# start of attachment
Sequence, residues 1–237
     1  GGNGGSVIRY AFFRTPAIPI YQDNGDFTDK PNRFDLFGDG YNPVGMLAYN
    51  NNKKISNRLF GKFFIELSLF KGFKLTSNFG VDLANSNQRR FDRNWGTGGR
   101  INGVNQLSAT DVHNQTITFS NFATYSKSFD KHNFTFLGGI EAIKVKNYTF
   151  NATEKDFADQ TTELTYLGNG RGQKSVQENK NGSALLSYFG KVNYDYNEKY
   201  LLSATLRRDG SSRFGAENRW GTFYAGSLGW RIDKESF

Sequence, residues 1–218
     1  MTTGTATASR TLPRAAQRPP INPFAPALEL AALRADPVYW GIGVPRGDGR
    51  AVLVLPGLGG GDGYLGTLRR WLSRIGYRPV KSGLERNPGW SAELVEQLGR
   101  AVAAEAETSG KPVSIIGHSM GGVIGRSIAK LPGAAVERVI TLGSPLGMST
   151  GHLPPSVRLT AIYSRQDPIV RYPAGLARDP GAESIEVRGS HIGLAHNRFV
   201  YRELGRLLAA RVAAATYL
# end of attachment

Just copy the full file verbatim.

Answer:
Sequence, residues 1–237
     1  GGNGGSVIRY AFFRTPAIPI YQDNGDFTDK PNRFDLFGDG YNPVGMLAYN
    51  NNKKISNRLF GKFFIELSLF KGFKLTSNFG VDLANSNQRR FDRNWGTGGR
   101  INGVNQLSAT DVHNQTITFS NFATYSKSFD KHNFTFLGGI EAIKVKNYTF
   151  NATEKDFADQ TTELTYLGNG RGQKSVQENK NGSALLSYFG KVNYDYNEKY
   201  LLSATLRRDG SSRFGAENRW GTFYAGSLGW RIDKESF

Sequence, residues 1–218
     1  MTTGTATASR TLPRAAQRPP INPFAPALEL AALRADPVYW GIGVPRGDGR
    51  AVLVLPGLGG GDGYLGTLRR WLSRIGYRPV KSGLERNPGW SAELVEQLGR
   101  AVAAEAETSG KPVSIIGHSM GGVIGRSIAK LPGAAVERVI TLGSPLGMST
   151  GHLPPSVRLT AIYSRQDPIV RYPAGLARDP GAESIEVRGS HIGLAHNRFV
   201  YRELGRLLAA RVAAATYL